Sunday, March 29, 2009

Facebook and privacy

The other day, I left a comment on Kay's post (They Can Do Without My Face) about her concerns over privacy issues on Facebook. Apart from the pros and cons of FB as a social networking site or whether you think it's a waste of time, Kay is not alone in her concerns. As indicated in the video link on her blog, Facebook (and I imagine many similar sites) can pass on the information you disclose to third parties.

While this is a legitimate concern, particularly if you're worried about copyright and use of your pictures, I'm not sure I buy the whole CIA/internet/control/conspiracy aspect that the video implies - and I can be pretty paranoid. Other than a name and verifiable email address, the amount and extent of other information you provide on your profile is up to you. My point being that you control what goes into your account and just how private or not private you keep that profile information.

It helps to remember that Facebook is in the money-making business. They sell ads and information for profit. As one of my sons pointed out, they are a giant demographics mine. They want statistics: your age, where you're from, your political and religious affiliations, your likes and dislikes. They really aren't interested if you post a couple of lines about visiting Aunt Millie on Saturday. They'd much rather you take all those quizzes and polls that tell the third-party stat gurus about your favourite books, movies, music, foods, etc. – in order to sell and target ads.

So, for the most part, I don't care if they know my age, or that my hometown is Vancouver, or that I might be happy living in London. I may get targeted ads pertaining to Vancouver real estate on my sidebar or travel ads about London, but it's not like an invisible hand is going to reach through the monitor and snatch me off to London (although it might be kind of fun).

It also helps to exercise some common sense about what you post and who has access to your postings. If you're silly enough to post semi-nude drunken pictures of yourself from cousin Sal's wedding, and you happen to be a supervisor at a conservative, high-profile company, and somebody shows the picture to your boss, who then passes it onto the president of the company, who decides that you're not the type of person they want to represent the company; then there's no one to blame except yourself.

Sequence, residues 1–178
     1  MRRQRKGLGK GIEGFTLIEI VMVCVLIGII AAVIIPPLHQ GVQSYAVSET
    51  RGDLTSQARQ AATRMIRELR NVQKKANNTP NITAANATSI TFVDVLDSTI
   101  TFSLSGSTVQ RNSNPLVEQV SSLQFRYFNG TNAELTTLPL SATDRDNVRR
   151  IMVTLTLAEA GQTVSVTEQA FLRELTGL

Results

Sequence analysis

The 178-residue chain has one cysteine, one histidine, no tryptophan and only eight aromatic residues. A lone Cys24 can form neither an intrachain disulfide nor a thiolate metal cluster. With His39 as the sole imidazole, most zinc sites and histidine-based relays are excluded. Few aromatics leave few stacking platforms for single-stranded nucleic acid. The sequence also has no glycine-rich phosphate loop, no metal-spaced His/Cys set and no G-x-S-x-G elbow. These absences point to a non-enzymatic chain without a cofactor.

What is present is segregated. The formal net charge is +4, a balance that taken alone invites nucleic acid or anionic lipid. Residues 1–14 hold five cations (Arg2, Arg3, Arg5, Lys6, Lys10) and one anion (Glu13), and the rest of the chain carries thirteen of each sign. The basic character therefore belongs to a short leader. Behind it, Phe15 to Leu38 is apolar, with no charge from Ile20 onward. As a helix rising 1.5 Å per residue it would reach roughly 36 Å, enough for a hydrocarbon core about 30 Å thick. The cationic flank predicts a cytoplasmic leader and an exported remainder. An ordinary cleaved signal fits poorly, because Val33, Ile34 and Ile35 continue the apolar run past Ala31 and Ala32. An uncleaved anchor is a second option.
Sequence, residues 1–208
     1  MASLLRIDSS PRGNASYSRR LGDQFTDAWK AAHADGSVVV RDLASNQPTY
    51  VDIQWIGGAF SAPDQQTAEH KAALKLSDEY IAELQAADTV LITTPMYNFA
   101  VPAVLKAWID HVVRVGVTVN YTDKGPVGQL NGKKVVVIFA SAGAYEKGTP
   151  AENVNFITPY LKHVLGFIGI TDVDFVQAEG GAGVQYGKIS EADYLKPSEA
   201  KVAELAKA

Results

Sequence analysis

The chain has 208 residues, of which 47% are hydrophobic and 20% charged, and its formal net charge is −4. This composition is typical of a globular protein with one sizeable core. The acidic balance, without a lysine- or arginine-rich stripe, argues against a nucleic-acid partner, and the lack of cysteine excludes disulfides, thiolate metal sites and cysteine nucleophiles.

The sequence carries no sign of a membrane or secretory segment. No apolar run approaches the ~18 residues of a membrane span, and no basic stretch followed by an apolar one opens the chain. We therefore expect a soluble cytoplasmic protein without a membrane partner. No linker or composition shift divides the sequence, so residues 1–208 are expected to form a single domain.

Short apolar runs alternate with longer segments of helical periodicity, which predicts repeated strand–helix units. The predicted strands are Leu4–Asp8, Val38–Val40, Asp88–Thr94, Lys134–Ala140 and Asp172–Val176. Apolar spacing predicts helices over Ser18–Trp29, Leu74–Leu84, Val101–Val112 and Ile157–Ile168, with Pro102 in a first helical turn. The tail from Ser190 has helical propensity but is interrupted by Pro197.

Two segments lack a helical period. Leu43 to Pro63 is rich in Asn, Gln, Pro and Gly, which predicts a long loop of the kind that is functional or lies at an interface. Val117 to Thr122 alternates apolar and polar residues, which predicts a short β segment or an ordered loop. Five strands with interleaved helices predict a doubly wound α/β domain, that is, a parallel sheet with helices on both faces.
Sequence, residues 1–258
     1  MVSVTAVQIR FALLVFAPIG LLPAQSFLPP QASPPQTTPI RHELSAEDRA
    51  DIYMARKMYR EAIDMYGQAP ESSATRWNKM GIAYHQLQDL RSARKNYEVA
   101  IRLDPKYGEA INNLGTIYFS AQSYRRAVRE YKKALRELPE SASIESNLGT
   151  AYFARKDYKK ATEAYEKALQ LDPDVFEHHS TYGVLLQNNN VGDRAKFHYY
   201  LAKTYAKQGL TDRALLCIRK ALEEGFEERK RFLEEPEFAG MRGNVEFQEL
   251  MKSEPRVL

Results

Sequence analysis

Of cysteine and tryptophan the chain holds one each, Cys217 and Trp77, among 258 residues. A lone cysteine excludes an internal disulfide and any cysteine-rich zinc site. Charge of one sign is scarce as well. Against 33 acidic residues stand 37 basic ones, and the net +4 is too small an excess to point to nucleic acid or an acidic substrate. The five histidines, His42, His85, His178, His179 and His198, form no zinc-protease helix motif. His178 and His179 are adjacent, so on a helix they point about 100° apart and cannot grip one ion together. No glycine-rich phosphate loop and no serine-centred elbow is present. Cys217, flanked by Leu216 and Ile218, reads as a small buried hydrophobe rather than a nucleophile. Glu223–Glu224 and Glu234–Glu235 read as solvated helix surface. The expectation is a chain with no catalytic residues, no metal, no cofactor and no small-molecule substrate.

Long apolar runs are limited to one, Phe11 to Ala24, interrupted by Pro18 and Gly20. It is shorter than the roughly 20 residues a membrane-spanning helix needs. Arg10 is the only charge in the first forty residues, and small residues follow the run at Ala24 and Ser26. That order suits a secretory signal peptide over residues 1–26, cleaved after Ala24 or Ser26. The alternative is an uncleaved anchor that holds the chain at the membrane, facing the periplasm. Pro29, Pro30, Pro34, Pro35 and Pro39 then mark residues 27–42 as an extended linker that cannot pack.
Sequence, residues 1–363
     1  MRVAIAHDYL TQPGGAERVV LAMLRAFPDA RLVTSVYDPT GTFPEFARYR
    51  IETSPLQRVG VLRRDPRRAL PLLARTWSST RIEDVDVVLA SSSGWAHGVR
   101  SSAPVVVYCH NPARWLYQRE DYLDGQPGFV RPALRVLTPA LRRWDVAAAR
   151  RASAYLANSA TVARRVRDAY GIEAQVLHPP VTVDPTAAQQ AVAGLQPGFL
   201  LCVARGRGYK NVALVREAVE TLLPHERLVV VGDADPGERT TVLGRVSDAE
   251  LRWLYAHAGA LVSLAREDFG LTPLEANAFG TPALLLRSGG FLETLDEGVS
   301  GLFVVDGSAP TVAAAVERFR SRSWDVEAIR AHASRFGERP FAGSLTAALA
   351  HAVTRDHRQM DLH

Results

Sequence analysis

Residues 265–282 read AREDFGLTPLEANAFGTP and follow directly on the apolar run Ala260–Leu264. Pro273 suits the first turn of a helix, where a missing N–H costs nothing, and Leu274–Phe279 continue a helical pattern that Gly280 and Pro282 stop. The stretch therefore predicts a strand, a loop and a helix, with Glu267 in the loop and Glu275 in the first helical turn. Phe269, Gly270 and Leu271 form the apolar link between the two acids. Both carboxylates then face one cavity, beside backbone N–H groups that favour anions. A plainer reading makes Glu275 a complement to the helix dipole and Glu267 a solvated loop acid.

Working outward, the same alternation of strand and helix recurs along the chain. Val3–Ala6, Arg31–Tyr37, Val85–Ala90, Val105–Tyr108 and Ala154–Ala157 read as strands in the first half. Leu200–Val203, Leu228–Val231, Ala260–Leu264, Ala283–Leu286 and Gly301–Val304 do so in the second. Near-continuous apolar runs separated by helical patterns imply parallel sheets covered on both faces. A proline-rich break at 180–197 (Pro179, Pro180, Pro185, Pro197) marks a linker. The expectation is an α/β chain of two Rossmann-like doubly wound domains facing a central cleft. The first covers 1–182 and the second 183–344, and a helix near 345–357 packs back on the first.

And just as it's not necessary to provide all the minute details of your life in your profile, neither is it necessary to befriend everyone who asks. Yet many people do. I've never understood how people can end up with several hundreds or thousands of so-called "friends" on FB. According to the same son, some people enter their entire email address book; then the address books of their friends. So not only do they have their own friends listed, but friends of friends and friends of friends of friends. Personally, I can't understand why anyone would want people on their friend list that they don't know (except maybe as some sort of popularity index). It seems pretty stupid, but what do I know?

It seems to me that individuals need to take more responsibility for protecting their own information. Facebook has a function that gives a fair bit of control over who can see your stuff. It's explained in their Privacy Policy (that even warns people not to share addresses and phone numbers) and can be accessed via user Privacy Settings. Apparently, not everyone is aware of it, or if they are, don't bother to use it. Privacy settings range from the default that allows virtually everyone on FB to see your profile to the most private setting that allows "only friends" to see your profile and what you post. This is why it pays to be aware of who your friends are (see above regarding accepting hundreds of people you don't know!).

If you use the internet at all (online banking, buying things online, joining forums, chatting), much of our personal information is already out there in cyberspace. Unless you're a complete luddite and refuse to use the internet to communicate or conduct any kind of business, it's an unavoidable reality for most of us.

Facebook is just another tool in the internet arsenal. Whether you use it or not shouldn't be dictated solely by concerns for privacy. Just exercise some common sense.


Joy said...

FB has been a good way to be in touch with former students, friends, former co-workers, and family members. I know what you mean about privacy, and I don't allow anyone I don't know as a "friend" on there. It's a brave new world for sure, isn't it?

Berry Blog said...

I agree with both you and Joy.Discretion is as old fashioned as "never say or reveal anything you don't want to come back to you".

doggybloggy said...

everyone is twittering now.....

ell said...

I really don't get Twittering!

Joy said...

I don't get Twittering either. I have an account but never use it.

daringtowrite said...

I didn't used to get blogging, so I imagine I ,au catch onto twittering, too. Just hope it doesn't become a Twitter or perish world.